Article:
Conversely, we also saw an HDV camera with a 35mm lens attached that looked worse then footage from DV camera.

An HD-100 or 101 will not ever look like a CineAlta except in certain circumstances. I actually felt that the HD-100 created a more film-like image then the CineAlta which can look so clean that it seems unnatural. Film-like meaning something that resembles Super16mm. The HD-100 is more prone to exposure blow-out then either your DigiBeta or a CineAlta.
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Old September 15th, 2006, 11:24 PM   #5
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Quote:
Originally Posted by William Hohauser
I just was at a demonstration of different video cameras transfered to 35mm given at DuArt here in New York City. At one point they projected a split screen of a Sony DigiBeta camera (I don't remember which model) with a HD-100. The comparision was not as different as you might think. While the HD-100 was better with detail, the DigiBeta was better with tone and latitude but that's to be expected when comparing tiny 1/3" HD chips with large 2/3" SD chips. Also the Sony had a better lens. Overall the HD-100 made some very good transfers to 35mm. So did the Digi-Beta. We also saw some not so good Digi-Beta transfers and a bad HD-100 transfer. The low down; the better the lens, the better the lighting, the better control you have over the image, the better your transfer to 35mm will be regardless of the format. They projected some footage from a SD DV project shot with an old Canon camera that looked great because the DP replaced the standard lens with a very high-quality lens.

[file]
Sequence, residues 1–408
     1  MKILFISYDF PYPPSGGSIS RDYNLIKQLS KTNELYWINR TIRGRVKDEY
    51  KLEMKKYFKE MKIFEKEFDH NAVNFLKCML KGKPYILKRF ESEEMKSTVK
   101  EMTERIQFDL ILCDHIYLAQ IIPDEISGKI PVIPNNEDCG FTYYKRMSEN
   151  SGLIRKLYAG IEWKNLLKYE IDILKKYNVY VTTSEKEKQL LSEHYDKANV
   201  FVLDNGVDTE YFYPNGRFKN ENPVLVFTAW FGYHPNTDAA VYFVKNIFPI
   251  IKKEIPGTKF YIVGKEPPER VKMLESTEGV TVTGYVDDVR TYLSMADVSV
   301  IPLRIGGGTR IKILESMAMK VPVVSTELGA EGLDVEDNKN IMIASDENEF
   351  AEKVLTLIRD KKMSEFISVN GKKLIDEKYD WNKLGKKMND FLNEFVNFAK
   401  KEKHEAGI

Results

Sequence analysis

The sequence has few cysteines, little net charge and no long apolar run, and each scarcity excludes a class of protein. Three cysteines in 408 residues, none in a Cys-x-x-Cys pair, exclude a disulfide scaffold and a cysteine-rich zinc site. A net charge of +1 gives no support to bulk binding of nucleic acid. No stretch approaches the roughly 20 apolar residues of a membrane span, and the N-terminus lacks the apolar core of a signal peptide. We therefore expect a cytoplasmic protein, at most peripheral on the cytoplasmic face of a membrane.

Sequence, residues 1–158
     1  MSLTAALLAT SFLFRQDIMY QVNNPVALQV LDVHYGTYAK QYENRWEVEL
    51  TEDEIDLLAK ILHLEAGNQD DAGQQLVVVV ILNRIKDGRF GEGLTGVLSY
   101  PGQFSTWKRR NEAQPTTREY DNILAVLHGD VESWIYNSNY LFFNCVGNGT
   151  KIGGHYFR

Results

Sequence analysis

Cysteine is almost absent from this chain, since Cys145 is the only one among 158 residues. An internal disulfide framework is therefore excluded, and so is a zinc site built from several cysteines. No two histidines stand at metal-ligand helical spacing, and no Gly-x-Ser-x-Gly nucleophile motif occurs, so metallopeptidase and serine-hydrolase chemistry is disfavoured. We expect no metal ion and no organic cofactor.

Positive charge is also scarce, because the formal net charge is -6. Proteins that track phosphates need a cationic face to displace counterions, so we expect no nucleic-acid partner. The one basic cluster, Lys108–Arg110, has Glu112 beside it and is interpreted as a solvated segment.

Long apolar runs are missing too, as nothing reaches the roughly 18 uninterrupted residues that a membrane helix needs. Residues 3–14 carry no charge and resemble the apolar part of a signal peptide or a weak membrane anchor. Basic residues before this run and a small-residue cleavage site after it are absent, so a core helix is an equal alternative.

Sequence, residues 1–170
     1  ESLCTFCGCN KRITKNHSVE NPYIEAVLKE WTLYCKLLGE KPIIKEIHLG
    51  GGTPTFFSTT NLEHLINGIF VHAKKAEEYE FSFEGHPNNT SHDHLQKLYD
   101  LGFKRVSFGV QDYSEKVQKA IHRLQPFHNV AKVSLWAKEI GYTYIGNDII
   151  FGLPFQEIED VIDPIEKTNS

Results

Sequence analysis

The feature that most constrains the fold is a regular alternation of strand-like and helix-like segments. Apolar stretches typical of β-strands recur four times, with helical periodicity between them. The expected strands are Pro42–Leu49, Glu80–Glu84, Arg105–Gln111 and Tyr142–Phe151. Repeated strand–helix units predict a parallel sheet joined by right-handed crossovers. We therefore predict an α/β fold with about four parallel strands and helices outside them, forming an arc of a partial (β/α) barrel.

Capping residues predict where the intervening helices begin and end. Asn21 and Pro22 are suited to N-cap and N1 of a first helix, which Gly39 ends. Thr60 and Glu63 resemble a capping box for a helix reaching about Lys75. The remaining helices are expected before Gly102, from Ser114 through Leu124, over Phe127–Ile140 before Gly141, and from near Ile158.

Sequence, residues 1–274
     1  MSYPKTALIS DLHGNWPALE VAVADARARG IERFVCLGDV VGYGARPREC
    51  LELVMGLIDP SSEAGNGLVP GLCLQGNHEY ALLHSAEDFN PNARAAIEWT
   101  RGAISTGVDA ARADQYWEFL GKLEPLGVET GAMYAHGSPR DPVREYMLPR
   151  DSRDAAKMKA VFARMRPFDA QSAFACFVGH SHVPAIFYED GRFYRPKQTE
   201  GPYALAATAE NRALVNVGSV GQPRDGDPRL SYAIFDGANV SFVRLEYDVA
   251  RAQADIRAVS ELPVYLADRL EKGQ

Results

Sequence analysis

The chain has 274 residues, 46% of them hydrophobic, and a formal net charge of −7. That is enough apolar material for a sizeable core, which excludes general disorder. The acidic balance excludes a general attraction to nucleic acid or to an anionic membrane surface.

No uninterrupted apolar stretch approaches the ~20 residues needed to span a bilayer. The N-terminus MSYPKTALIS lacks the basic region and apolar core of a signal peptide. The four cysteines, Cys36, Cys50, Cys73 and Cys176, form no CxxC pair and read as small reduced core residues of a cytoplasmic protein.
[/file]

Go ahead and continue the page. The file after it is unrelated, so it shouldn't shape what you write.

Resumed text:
Conversely, we also saw an HDV camera with a 35mm lens attached that looked worse then footage from DV camera.

An HD-100 or 101 will not ever look like a CineAlta except in certain circumstances. I actually felt that the HD-100 created a more film-like image then the CineAlta which can look so clean that it seems unnatural. Film-like meaning something that resembles Super16mm. The HD-100 is more prone to exposure blow-out then either your DigiBeta or a CineAlta.
Go to the movies and see "Little Miss Sunshine" and take a look at the film quality. The HD100 can certainly match that film's quality and probably surpass it.

With ProHD and a firm grasp on the workflow (to film) there is no reason the technology sould get in the way of the story telling now. It's easy and inexpensive. Seriously.
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Old September 16th, 2006, 12:07 AM   #6
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Originally Posted by Stephen L. Noe
Go to the movies and see "Little Miss Sunshine" and take a look at the film quality. The HD100 can certainly match that film's quality and probably surpass it.

With ProHD and a firm grasp on the workflow (to film) there is no reason the technology sould get in the way of the story telling now. It's easy and inexpensive. Seriously.
What was that shot with?
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Old September 16th, 2006, 02:15 AM   #7
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Quote:
Originally Posted by William Hohauser
What was that shot with?
Little Miss Sunshine was shot with 35mm film, format super 35:
http://www.imdb.com/title/tt0449059/technical

Here's the cinematographer, Tim Suhrstedt:
http://www.imdb.com/name/nm0005891/

I think the movie looked good and the picture matched the style of the movie.

Sometimes the projection makes things look worse better than they are. I saw Sunshine in the Director's Guild Theatre in L.A. and it looked like other movies shot in 35mm. I've also seen some high budget movies there that look fairly bad, but I think they looked the way they were supposed to. I've seen a couple of DV blown up movies that looked very good there.

I think the secret is to match the style, the lighting and material with excellent people shooting. The best people are not frequently shooting on DV or hcv... though there are some excellent people working with those cameras, too.